The first half of 2020 has been the most tumultuous period that I can remember. Few times do I ever recall collective hopelessness weigh as heavy as it now does. The yoke of negativity that our headlines create drags each of our societal outlooks further into the dirt.
The first contender bent on crippling the planet arrived as a novel virus. The result was nationwide lockdowns and six-figure death tolls. Stay-at-Home orders confined millions to their homes for fear of viral contraction, or worse unknowingly spreading it to others. The orders started as a Bandaid, but as good news dwindled so too did the hope of reopening.
Weeks passed from March through April and we maintained the rules of our new society: only travel for essentials, no interstate commerce, businesses closed, gatherings nonexistent. We watched as jobs and small businesses alike were engulfed into the void of an irresistible virus followed by bureaucratic domination. Our phones and TVs, once a distraction from the real world, became the last remaining gateway outside our walls. Then the riots began.
Like a dog backed into a corner, society lashed out at those who enforced our situation. Cities caught fire, stores were looted, and the messages intended by the peaceful protestors against police violence and racial injustice were drowned out by those who cared for neither. Molotov cocktails quickly erased what the property of business owners still held.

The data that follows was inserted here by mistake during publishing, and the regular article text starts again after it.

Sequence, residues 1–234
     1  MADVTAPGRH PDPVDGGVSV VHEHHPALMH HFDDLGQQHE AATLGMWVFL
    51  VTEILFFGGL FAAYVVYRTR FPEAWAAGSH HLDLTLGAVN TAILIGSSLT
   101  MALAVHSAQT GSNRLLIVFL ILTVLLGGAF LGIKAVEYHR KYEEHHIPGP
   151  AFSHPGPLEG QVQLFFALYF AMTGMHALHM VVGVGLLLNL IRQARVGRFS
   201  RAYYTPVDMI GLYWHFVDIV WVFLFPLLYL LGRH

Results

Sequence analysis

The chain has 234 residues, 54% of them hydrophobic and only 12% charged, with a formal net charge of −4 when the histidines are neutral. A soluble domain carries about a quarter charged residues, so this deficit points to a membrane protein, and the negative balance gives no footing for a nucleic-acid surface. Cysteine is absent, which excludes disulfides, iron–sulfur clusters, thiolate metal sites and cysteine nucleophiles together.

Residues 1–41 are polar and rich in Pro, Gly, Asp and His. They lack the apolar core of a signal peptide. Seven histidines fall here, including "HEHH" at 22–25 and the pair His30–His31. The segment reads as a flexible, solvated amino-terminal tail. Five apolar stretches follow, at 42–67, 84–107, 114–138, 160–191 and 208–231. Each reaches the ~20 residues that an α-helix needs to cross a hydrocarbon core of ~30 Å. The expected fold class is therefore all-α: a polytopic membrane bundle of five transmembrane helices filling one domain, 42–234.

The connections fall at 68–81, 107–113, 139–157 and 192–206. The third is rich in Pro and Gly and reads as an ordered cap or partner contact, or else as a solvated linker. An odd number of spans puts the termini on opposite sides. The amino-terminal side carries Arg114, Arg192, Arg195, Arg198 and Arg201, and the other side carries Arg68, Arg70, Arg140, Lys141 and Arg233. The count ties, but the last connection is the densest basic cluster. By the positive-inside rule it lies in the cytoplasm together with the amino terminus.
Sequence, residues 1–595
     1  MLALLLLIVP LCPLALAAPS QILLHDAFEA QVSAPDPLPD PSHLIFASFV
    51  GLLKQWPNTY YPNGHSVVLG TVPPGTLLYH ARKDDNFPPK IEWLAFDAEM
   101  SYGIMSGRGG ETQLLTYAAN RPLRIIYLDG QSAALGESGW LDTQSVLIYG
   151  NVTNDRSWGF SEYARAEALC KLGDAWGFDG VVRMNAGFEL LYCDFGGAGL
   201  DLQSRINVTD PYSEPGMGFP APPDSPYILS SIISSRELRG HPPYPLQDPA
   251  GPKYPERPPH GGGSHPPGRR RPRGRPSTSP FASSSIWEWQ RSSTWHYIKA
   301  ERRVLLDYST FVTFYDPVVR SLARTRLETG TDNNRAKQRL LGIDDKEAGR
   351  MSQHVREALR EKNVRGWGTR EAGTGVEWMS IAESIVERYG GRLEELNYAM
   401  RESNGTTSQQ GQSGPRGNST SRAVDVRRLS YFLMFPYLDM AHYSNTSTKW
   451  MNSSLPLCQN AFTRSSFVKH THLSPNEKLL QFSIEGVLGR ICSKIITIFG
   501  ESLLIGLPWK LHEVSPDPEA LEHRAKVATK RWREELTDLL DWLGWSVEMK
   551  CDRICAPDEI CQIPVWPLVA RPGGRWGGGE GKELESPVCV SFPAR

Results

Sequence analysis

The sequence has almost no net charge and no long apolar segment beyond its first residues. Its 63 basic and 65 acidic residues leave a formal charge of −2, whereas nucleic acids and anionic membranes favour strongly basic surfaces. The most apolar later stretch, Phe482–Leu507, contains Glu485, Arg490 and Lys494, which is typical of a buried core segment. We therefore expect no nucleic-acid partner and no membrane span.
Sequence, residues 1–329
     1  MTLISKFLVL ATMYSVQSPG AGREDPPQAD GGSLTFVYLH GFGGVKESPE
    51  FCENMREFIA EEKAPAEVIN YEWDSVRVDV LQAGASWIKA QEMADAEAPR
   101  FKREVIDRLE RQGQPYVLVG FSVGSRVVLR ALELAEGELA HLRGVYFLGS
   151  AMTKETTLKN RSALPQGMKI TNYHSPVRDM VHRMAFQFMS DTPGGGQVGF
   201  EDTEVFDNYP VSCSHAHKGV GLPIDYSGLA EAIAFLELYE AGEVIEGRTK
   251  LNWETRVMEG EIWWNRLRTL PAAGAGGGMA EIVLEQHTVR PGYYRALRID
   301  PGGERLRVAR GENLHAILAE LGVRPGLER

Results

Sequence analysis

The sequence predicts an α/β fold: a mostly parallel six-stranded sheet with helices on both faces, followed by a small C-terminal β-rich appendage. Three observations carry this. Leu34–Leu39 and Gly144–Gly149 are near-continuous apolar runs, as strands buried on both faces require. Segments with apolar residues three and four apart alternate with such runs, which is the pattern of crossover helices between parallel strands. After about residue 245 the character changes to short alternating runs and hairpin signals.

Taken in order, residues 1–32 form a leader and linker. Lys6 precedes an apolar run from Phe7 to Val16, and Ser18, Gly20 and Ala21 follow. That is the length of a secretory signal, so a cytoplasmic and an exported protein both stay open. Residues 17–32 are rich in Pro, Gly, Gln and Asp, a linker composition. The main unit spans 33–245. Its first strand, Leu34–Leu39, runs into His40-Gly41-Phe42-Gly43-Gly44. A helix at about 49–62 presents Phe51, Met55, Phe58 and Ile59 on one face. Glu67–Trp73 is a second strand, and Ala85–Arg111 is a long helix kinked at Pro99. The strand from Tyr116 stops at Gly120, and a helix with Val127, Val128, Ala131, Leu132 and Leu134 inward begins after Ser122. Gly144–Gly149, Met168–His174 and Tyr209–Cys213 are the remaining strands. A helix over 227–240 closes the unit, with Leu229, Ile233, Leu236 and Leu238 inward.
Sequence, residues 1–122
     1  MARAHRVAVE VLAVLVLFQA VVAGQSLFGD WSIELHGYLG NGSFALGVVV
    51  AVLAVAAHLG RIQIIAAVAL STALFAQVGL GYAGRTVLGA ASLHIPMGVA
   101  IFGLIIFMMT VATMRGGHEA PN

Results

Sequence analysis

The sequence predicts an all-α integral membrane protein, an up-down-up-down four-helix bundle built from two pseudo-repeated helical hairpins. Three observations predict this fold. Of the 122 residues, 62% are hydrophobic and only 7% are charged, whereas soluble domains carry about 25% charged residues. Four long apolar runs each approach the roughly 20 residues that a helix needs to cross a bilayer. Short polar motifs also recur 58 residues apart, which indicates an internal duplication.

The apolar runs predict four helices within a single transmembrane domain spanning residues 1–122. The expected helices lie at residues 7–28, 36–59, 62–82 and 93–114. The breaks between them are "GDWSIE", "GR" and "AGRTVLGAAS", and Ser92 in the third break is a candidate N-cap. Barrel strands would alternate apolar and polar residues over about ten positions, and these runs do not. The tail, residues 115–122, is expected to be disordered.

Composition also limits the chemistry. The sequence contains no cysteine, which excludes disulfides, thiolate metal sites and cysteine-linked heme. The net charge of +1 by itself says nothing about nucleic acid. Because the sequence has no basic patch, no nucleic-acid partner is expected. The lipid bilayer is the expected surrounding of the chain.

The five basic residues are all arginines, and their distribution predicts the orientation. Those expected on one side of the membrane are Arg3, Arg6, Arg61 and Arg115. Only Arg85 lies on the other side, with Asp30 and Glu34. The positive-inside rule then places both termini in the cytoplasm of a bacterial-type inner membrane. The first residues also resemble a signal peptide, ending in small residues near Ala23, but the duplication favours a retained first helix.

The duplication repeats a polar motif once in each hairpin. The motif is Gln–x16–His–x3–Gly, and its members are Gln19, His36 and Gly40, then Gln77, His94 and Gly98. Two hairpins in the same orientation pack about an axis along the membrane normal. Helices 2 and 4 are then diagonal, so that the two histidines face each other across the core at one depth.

On the back of the protests arose our final (as of yet) challenger—the canceling. A lot of people voiced their opinions on the current situation—many of which were bad. In fact, they continue as of early June. Intuitively, the worse the take, the higher the vitriol with which it is met. Cancellations have come in at a rate of one notable name per hour. Celebrities have had to apologize, not only for their own opinions but also that of their families. Aleksandar Katai, Paw Patrol, Live PD, all victims of the torch-bearing Twitter mob.
It is okay to be sad about the current state of society. It is likely that we are all in the same gloomy boat. While I am unable to give solutions to the problems the country is facing, I can advise personal action. Reach out to your friends and loved ones. They are witnessing the same debacle as you are. A simple, “How are you doing,” can positively affect a person’s entire day.
It is important that we reconvene periodically to monitor our own personal well-being. So too should that consideration be given to those you care about. While this banal act is surely welcomed at any time outside of global chaos, it is particularly potent now. We are in a time of heightened negativity and elevated hate. Our effort to assure loved ones of our emotional availability should match that in magnitude.
The virus will subside and the societal anger will fizzle. The Internet will shortly reach another happening to which they can turn their crosshairs. However, the feelings of your loved ones are not so quickly pivoted. The efforts you exert now to solidify those relationships can pay dividends in emotional contentment in the long term.
The views expressed in this article are the opinion of the author and do not necessarily reflect those of Lone Conservative staff.